A while ago we attended a meeting with the customer relations marketing (CRM) team at a gambling company. The team had been working on creating customer segmentations, which within marketing is one well-used idea.
The concept refers to creating groups of people with common behaviors and characteristics that you want to reach with messages or offers. The team we met had done a careful segmentation based on money, game types and combination of games people play and demographics.
The head of this project explained that they had identified one segment of players that they chose to call the “high spenders” and that is obviously where most the high-risk players could be found. They continued telling us how they work on helping that group by unsubscribing them from all promotional marketing campaigns.
From a responsible gambling perspective this is a reasonable and logical course of action. Not to encouraging a player with risky behavior to gamble more. But the team looked at us and asked: is it really fair to stop sending promotions after just one week in the high-risk zone? What if the high-risk behavior is just a coincidence? Maybe some of these players have saved up some money to gamble, lets say, during The World Cup?
The CRM team had raised a very interesting question: When is the appropriate time to intervene?
INTERVENTION AT THE RIGHT TIME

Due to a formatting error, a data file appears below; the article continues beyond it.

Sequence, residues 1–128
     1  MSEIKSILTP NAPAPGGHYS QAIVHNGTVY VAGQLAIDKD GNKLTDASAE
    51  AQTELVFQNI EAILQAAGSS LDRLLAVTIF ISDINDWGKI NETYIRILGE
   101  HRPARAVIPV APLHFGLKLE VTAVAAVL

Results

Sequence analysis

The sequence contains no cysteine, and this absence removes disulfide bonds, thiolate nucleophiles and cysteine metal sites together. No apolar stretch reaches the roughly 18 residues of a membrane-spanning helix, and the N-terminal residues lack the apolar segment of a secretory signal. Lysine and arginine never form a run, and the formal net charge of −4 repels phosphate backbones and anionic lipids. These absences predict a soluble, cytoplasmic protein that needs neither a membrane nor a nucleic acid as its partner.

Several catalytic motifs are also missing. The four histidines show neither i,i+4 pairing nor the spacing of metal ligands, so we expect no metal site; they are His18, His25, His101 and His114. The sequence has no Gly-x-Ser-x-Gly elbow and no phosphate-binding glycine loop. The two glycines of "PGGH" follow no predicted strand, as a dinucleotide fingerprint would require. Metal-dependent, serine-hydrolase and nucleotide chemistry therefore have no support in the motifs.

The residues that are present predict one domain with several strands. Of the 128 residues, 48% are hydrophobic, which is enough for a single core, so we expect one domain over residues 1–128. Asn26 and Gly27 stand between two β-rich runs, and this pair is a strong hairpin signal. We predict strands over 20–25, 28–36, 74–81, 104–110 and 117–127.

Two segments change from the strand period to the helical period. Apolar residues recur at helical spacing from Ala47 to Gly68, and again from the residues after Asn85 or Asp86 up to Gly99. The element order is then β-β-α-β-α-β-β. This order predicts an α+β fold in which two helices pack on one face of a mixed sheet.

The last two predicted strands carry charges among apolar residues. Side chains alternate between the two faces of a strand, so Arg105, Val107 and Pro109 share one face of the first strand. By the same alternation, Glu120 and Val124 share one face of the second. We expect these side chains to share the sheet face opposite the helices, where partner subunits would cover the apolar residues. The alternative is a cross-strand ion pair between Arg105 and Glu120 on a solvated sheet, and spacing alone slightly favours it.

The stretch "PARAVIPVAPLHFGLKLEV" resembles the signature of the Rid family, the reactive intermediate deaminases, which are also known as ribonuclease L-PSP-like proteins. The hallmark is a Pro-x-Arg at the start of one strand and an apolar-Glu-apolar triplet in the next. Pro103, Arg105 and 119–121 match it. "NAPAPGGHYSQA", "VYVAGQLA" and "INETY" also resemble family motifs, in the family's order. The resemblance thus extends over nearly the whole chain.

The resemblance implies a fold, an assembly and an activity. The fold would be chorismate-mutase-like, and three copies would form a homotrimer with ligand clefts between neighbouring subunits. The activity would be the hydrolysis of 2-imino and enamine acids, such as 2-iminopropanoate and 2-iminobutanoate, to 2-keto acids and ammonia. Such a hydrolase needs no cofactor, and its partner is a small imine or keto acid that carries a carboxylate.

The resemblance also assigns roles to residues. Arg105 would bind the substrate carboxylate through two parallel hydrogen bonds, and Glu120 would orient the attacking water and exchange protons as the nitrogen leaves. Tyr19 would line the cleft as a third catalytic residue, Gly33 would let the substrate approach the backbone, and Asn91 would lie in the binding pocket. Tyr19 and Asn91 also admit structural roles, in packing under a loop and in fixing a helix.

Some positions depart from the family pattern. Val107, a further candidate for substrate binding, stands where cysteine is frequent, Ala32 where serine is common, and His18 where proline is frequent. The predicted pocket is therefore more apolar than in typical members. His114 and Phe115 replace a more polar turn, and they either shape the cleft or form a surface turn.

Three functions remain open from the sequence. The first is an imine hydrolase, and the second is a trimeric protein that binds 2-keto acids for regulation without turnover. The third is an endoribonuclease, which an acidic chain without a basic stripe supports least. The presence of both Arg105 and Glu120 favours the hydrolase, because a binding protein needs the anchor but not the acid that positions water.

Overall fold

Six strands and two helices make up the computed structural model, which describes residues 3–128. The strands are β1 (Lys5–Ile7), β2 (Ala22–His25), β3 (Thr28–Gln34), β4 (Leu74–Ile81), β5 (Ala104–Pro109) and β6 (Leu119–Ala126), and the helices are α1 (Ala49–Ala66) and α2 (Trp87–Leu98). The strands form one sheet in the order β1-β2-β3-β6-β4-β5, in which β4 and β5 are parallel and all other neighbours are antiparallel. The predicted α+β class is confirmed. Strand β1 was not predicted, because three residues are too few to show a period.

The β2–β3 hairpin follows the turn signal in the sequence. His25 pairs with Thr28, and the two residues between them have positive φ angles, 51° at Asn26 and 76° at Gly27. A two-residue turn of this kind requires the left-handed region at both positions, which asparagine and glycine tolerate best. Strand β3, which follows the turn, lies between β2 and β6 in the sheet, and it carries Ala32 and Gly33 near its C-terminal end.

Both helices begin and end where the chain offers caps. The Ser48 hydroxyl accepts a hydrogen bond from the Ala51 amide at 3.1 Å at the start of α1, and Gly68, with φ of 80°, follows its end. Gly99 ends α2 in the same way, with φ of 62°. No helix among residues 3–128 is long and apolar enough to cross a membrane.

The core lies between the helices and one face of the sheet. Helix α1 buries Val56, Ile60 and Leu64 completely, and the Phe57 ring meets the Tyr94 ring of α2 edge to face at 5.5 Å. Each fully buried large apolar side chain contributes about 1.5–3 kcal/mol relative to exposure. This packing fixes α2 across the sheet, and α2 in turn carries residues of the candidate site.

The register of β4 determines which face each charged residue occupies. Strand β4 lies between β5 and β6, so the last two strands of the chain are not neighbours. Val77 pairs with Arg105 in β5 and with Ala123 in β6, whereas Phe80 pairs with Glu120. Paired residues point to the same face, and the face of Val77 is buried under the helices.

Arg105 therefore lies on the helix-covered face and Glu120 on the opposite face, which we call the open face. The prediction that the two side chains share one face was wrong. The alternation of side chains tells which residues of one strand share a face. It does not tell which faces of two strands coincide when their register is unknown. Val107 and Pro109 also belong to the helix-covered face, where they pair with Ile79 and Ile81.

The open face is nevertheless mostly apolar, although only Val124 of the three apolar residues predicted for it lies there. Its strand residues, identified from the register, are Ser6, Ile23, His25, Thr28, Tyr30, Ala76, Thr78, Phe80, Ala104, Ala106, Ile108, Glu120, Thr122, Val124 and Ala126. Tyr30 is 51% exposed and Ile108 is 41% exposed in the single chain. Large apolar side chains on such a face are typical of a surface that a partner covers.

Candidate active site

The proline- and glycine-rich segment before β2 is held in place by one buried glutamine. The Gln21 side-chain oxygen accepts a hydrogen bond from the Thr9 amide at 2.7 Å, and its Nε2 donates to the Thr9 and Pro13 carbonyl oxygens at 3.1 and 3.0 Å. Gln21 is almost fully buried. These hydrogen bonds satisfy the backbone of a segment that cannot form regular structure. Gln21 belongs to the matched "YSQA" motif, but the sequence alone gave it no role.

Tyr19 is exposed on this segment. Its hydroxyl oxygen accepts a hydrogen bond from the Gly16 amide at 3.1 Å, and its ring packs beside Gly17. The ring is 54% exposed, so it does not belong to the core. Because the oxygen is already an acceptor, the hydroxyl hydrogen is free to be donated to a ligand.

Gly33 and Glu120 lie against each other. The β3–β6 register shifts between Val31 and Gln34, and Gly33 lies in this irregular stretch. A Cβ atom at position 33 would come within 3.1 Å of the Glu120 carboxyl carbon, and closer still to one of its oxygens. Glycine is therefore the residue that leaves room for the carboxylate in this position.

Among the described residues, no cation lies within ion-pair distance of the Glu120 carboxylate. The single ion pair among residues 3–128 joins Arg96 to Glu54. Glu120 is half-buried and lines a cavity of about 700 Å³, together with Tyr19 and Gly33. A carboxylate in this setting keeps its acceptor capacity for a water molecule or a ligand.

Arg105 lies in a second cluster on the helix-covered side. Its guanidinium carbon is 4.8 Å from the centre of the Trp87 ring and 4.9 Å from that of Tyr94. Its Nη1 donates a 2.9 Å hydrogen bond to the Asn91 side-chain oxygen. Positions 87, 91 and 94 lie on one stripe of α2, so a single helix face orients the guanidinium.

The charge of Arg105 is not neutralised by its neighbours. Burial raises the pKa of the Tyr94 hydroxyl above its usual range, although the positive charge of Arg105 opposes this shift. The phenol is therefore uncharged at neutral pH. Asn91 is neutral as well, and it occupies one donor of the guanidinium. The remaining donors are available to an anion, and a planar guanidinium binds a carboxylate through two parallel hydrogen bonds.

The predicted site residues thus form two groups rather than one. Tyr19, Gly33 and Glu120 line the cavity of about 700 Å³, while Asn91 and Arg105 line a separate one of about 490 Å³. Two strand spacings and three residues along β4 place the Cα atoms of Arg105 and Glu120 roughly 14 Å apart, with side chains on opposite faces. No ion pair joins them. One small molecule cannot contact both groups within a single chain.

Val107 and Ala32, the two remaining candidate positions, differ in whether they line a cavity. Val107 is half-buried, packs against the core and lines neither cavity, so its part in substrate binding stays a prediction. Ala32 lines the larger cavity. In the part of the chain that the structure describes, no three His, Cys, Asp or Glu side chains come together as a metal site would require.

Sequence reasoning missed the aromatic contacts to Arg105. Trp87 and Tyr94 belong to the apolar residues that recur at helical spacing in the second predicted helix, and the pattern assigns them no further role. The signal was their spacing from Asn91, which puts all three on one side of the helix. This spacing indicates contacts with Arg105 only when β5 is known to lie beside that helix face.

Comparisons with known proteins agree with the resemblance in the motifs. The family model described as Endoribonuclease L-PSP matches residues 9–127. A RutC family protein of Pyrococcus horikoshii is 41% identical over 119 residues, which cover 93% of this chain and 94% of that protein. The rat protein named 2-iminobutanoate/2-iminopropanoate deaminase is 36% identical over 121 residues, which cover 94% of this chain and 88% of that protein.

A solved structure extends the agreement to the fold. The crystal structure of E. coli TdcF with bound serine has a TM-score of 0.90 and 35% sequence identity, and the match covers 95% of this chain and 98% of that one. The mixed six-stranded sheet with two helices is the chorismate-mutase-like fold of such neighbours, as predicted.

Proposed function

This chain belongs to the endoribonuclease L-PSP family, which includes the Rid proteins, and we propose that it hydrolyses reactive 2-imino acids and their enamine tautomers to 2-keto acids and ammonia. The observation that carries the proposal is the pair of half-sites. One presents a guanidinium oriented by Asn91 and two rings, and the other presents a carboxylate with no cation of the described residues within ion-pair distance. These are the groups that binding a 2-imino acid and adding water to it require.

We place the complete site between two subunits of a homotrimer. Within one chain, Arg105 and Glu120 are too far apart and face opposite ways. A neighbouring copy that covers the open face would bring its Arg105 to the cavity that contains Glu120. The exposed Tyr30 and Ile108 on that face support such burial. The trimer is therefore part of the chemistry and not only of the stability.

It is true that we find a lot of high-risk players in the high spenders segment. They are a frequently discussed topic at conferences and in research. And the industry is taking great leaps in their work with responsible gambling by offering tools like help and support for these players: self-exclusion, panic-buttons, contact information to help lines and support groups, educated customer support team and so on.
The point is that players do not become high-risk players over night.
It is often a long process of escalating behavior and change in attitude, which includes increased tolerance towards gambling.
We believe that the key is to meet the needs of a player early on, before they turn high risk and it becomes a problem. The goal should be to figure out what we can do for the increased risk players – so that reactive tools like self-exclusion and blocked marketing are not to be needed in the first place.
MOST PLAYERS ARE NORMAL PLAYERS
Chances are that you, much like us, are used to hearing about the big group of normal or low risk players and a small group of high-risk players. Many of the high-risk players are hard to reach with warnings of risky behavior because of the probability that they can’t bring themselves to care about the consequences of that behavior. For these players, offering hands-on actions is more effective and helpful.